Monday, April 30, 2012

Micro Review [Film]: Freaked


The Meat

The early 90s had a very unique and peculiar trash aesthetic that occasionally washed up on the shore of pop culture. If you're able, remember back to Spike & Mike's Sick and Twisted animation festivals, Ren & Stimpy, GWAR, and Green Jello's Cereal Killer Soundtrack, which all shared a Rat Fink-meets-Evil-Dead-II, eye-bulging, vein-popping style. Alex Winter (Bill S. Preston, Esq. of Bill and Ted fame) and his NYU film school friend Tom Stern embraced this aesthetic whole-hog, and were asked by MTV to produce a sketch comedy show called The Idiot Box. When that show was done, someone at 20th Century Fox inexplicably gave them $10,000,000 to make what become 1993's Freaked.

In Freaked, Bill (I'm just going to call him "Bill") plays a moronic TV celebrity who accepts a dump truck full of money from an evil corporation to go to South America and talk up a controversial liquid fertilizer, but falls afoul of a crazy freakshow operator who turns him into the hideous "Beest Boy," and throws him in with the rest of his mutated menagerie, all created using the liquid fertilizer in question and, apparently, a Nintendo system. The result is -- starting with the opening credits -- a brutal, stomach-churningly disgusting, insane, partially claymated gumbo that I expect you're either really going to love, or man, you're just not going to want to watch a single frame of. This film effectively derailed Bill's career. After its release (into only 2 theaters, Wikipedia tells me), Bill went from the co-star of a successful comedy franchise to a guy who didn't work again for four years, only to return with roles such as "TV Gangster" and "Subway Passenger."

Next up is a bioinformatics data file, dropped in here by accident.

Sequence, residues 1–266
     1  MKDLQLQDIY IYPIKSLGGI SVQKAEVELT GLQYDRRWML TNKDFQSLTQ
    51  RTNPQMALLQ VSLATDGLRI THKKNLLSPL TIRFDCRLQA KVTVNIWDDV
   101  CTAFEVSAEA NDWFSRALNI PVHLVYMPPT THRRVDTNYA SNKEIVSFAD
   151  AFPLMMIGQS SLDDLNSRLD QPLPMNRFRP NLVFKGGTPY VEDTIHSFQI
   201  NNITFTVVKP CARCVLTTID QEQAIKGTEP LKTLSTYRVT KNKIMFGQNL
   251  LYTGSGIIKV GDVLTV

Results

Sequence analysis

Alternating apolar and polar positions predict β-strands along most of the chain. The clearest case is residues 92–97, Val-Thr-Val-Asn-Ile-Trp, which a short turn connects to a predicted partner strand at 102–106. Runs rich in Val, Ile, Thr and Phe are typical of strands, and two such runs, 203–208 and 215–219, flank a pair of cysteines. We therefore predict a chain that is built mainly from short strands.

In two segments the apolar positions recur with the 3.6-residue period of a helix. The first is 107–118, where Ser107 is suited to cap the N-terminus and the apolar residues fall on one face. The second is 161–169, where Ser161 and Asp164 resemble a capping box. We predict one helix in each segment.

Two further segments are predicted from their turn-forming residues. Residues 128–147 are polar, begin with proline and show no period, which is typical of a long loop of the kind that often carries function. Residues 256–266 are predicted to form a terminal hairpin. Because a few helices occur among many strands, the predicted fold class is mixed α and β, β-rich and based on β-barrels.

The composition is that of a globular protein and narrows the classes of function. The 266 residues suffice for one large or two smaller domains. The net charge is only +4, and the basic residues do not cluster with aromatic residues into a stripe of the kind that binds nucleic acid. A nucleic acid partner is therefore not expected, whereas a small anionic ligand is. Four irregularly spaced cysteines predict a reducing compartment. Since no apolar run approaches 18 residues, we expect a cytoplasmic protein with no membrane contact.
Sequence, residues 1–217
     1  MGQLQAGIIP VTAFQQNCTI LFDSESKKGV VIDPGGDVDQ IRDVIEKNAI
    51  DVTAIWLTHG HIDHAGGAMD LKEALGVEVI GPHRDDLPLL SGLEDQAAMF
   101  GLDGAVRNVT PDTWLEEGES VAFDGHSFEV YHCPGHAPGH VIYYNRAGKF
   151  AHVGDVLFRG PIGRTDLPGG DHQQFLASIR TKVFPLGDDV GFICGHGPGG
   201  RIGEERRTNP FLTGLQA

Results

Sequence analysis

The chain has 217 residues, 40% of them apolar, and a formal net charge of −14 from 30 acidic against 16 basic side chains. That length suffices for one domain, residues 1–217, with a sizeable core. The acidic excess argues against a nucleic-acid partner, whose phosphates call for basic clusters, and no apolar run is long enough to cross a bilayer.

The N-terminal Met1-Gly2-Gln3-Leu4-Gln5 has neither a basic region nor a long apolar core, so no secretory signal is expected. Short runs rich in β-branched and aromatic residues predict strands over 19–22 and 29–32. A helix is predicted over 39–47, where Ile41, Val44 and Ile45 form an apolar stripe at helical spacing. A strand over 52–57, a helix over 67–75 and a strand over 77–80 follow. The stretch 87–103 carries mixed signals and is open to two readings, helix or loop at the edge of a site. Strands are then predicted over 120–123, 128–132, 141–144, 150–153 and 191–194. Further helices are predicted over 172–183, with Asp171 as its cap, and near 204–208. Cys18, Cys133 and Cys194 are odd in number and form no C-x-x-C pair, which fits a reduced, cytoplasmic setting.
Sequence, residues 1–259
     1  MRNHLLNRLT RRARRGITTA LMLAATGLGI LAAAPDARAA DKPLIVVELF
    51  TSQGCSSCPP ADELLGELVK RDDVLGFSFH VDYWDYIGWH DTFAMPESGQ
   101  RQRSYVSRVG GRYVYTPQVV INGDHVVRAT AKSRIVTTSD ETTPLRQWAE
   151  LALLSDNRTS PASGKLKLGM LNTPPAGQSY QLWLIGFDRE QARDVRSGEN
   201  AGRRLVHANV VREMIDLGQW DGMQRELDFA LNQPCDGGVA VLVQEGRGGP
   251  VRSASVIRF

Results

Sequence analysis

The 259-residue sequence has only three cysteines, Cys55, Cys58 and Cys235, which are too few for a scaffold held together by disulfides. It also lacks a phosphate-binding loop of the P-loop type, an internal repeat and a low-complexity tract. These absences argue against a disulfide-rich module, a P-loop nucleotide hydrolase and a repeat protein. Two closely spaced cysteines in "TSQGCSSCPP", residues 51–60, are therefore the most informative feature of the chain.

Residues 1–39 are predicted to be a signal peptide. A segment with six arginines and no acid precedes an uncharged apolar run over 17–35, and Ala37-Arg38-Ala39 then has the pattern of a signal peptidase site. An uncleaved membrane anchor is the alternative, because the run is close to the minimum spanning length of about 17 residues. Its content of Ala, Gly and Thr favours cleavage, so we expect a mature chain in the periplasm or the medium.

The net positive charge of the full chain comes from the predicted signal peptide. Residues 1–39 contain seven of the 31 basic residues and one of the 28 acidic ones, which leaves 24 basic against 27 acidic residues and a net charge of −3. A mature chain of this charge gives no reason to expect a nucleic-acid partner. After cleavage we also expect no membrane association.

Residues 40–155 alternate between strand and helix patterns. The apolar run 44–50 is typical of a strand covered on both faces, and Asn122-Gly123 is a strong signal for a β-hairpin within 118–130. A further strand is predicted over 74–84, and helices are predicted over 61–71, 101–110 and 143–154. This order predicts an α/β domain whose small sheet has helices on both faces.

For my part, I loved the Bill and Ted movies, and was partial to Bill above Ted, so I root for Bill, and he seems to have a pretty successful career now, especially as a director. And I expect Alex Winter must be pretty smart, and a hell of a nice guy, because here are some of the people who agreed to appear in Freaked, which was clearly never, ever, ever going to be a successful mainstream film: Brooke Shields, Keanu Reeves, Randy Quaid (not widely known to be crazy at the time), William Sadler (the wonderful character actor who next appeared on film in The Shawshank Redemption), Bobcat Goldthwait, Michael Stoyanov (at the time on the highly successful TV show Blossom), and Mr. T (who plays a bearded lady). I remember seeing a tidbit about this movie on Entertainment Tonight when I was maybe 15 years old, and being really excited that Bill was going to be in a new movie, but that was the last I'd heard of it until Turner Classic Movies scheduled it as part of their TCM Underground series this past weekend. So as much as I wanted to like the movie, and was excited to finally see it, I can't get behind it. I love cult movies that happen by accident -- amateur filmmakers who stumble across something evocative, Hollywood outsiders who build truly inept films around interesting ideas, or people who manage stunning feats of filmmaking with almost no resources. But Freaked seems to be one of those films that aspired to be a cult movie, and that, to me, is a fool's errand. Sorry, Bill.

The Math

Objective Quality: 2/10

Bonuses: +1 for the intriguing supporting cast; +1 for the makeup and effects which are grotesque but quite accomplished

Penalties: -1 for a pervasive we-know-how-clever-this-is attitude while not actually being very clever.

Cult Value Coefficient: 3/10

[See explanation of our non-inflated scores here.]

No comments:

Post a Comment